At the end of October the surf suddenly changed from a sparkling clear blue to milky green, almost brown and lacking in lustre or clarity. If the stark colour change wasn’t enough to let us know the Anaulis australis surf algae had bloomed, the accompanying pungent odour certainly was. The algae comes and goes – heavy one day and almost gone the next.
Fortunately it doesn’t tangle fishing gear and isn’t toxic to swimmers. However, it does seem to affect fish moving in and out of the surf zone. The algae lowers dissolved oxygen, which must discourage fish from entering affected areas, but doesn’t altogether prevent them. I have certainly seen quite a number of whiting and flathead caught during severe blooms, and have caught some tailor myself when the surf has been brown with this algae. However, clean water is definitely preferable.
Rarely seen prior to 2001, annual blooms now occur along the entire Australian coastline. They have most often coincided with El Nino events. Nutrient accumulated on the land during dry periods are washed into the estuaries and along the coast during infrequent flood events. Then warm weather and elevated sea temperatures trigger algal growth. The La Nina event should have alleviated this, but it didn’t – at least not much.
In the meantime, greater efforts at reducing nutrient outfall into our estuaries are essential if we are to control this deteriorating situation. While this has been on the agenda of State and Federal Governments for a number of years, they haven’t done much.
Another ‘natural’ event is the large numbers of dead and dying mutton birds being washed on to the beaches between Fraser and Bribie Island. All of the birds I have watched here have frantically been attempting to feed in the surf before eventually landing on the water and washing to shore.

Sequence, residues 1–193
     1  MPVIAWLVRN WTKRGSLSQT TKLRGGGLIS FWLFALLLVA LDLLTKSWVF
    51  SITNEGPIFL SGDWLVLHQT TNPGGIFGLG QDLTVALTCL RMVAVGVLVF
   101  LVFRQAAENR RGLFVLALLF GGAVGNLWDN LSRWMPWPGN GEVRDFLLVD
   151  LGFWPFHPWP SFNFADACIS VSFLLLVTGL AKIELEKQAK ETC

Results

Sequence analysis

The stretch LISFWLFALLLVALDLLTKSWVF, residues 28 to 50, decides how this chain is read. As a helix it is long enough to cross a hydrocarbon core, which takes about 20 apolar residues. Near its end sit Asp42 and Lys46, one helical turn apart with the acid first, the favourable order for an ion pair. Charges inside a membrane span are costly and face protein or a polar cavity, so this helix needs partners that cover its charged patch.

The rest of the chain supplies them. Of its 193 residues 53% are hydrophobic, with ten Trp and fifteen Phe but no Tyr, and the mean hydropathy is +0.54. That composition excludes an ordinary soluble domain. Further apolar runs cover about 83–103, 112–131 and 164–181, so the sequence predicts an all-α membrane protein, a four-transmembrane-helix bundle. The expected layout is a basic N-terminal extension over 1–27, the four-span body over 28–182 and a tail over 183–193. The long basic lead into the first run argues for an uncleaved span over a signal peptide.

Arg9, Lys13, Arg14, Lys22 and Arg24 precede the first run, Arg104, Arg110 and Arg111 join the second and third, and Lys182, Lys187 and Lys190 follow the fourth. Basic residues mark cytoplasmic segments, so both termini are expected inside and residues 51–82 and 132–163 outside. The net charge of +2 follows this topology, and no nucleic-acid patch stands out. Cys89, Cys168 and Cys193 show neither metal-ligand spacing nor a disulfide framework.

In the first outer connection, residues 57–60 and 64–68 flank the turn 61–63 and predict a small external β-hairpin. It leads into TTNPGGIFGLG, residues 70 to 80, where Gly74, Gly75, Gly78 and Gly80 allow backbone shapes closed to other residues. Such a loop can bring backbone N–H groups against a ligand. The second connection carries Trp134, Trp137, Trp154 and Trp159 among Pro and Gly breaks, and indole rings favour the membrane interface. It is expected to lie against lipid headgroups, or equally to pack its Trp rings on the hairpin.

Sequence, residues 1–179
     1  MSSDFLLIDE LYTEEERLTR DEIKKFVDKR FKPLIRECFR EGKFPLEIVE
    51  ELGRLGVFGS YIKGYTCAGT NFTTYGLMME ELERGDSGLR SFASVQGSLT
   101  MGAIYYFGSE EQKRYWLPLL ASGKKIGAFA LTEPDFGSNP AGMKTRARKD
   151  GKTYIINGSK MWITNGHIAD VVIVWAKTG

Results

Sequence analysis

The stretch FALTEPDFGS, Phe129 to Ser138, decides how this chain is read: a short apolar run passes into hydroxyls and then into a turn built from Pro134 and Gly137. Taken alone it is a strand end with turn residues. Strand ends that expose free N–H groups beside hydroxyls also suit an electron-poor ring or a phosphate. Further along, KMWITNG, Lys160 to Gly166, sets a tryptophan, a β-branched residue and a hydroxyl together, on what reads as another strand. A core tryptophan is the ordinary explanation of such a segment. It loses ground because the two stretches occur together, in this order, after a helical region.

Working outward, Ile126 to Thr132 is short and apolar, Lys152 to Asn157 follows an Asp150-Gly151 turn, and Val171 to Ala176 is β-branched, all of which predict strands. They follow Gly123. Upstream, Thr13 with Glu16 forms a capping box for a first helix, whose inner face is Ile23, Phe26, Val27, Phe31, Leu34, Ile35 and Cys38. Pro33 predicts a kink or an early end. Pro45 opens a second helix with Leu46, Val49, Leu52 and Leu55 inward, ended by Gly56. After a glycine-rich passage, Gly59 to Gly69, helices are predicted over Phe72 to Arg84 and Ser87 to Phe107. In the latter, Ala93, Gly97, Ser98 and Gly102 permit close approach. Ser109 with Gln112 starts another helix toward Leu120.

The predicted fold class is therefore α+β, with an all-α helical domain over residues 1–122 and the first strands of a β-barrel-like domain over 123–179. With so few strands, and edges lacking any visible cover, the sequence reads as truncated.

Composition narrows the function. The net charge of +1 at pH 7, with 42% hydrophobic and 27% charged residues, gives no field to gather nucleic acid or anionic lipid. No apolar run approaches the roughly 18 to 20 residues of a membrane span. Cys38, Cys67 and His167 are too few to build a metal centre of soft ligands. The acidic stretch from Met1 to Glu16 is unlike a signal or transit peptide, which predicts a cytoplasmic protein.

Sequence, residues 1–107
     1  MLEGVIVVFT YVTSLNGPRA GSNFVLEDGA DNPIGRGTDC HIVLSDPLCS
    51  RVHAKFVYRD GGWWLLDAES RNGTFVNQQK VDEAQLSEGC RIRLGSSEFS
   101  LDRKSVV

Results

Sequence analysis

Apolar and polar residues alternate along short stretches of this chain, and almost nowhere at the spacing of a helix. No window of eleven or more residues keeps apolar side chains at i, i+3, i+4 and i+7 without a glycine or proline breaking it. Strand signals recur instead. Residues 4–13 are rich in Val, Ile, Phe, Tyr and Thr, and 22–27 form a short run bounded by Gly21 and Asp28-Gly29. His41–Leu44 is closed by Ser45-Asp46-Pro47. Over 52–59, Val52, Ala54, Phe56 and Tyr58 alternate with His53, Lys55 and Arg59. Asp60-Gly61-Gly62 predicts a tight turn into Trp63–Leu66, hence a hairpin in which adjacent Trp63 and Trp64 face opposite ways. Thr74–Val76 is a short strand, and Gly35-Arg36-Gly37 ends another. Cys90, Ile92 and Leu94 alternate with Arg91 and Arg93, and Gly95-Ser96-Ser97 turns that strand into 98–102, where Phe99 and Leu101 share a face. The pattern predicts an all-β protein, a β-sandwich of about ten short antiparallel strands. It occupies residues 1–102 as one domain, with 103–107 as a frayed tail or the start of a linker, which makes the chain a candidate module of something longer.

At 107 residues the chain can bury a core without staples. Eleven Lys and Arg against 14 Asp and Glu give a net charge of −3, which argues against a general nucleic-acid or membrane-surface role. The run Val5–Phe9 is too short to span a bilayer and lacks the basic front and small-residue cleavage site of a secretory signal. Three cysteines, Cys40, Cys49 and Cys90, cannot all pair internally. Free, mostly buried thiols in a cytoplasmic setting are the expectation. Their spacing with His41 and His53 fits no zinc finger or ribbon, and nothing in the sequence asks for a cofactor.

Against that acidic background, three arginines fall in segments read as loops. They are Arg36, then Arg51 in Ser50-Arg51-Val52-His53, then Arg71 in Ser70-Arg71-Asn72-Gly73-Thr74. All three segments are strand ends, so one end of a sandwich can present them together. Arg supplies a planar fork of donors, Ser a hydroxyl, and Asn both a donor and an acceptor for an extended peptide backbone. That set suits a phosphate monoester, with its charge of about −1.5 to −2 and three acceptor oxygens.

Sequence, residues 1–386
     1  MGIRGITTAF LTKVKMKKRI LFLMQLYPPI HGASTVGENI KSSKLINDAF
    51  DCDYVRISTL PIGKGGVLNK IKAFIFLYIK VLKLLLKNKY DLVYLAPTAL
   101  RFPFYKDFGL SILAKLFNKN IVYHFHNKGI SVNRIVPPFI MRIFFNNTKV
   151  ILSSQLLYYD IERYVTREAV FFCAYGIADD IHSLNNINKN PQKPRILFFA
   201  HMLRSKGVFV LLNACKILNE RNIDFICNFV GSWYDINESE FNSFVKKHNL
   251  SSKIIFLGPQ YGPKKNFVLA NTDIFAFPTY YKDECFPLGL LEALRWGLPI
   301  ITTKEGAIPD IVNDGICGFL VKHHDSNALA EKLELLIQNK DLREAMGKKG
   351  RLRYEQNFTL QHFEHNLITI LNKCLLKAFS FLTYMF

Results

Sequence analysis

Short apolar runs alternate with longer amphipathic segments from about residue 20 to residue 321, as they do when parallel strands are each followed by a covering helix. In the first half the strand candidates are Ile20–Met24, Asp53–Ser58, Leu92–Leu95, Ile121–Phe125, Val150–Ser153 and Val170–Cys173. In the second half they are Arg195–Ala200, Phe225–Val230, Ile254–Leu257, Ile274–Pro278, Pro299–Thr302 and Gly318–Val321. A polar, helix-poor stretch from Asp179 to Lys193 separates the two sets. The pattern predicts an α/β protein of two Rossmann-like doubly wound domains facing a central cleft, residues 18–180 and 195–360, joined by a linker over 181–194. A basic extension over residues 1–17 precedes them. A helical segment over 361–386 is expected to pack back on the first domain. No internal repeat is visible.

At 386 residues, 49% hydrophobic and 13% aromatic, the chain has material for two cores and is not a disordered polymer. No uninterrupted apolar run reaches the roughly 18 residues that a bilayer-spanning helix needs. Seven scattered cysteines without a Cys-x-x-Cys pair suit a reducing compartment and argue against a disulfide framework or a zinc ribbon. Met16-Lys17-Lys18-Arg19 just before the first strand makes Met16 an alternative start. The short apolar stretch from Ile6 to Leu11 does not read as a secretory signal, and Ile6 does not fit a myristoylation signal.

We are told that mutton bird casualties during migration are a natural event, caused by the birds encountering storms en route from the Bering Sea to Tasmania. The strong winds are said to cause exhaustion, but is this the whole story?
When watching the birds feeding, I noticed their efforts were frantic and energetic. They didn’t look exhausted at all; they looked starving.
As the world’s tuna stocks slowly deplete and fewer schools herd baitfish to the surface where seabirds can access them, situations such as this can only become more common. If the shearwater deaths aren’t at least partly as a result of the overfishing of tunas, mackerels, mahi mahi, bonito and the like, I would be very surprised.
Unfortunately for the shearwaters, there haven’t been enough tailor and dart in the surf, either. Recreational catches of tailor and dart have mostly been in ones and twos, with schools seemingly absent. It isn’t a good sign at a time when positive indications of this fishery’s health are desperately wanted.
Flathead continue to be a regular catch and whiting are available in reasonable numbers at times. The occasional jewfish has been taken off Double Island Point and a couple of cobia taken from the beach further south. Bream and tarwhine seem to be scarce, though tarwhine were being taken at this time last year and both species had shown signs of improved numbers earlier in this year.
Reports from Hervey Bay haven’t been glowing in their description of the pelagic season there to date. Hopefully this simply means that a late run of mackerel is still on its way and the tuna nearby. It is increasingly difficult to be optimistic, but should these species not arrive in Laguna Bay this year again after 3 lean seasons, questions are sure to be asked when we know that tailor and other species aren’t here either.Reads: 530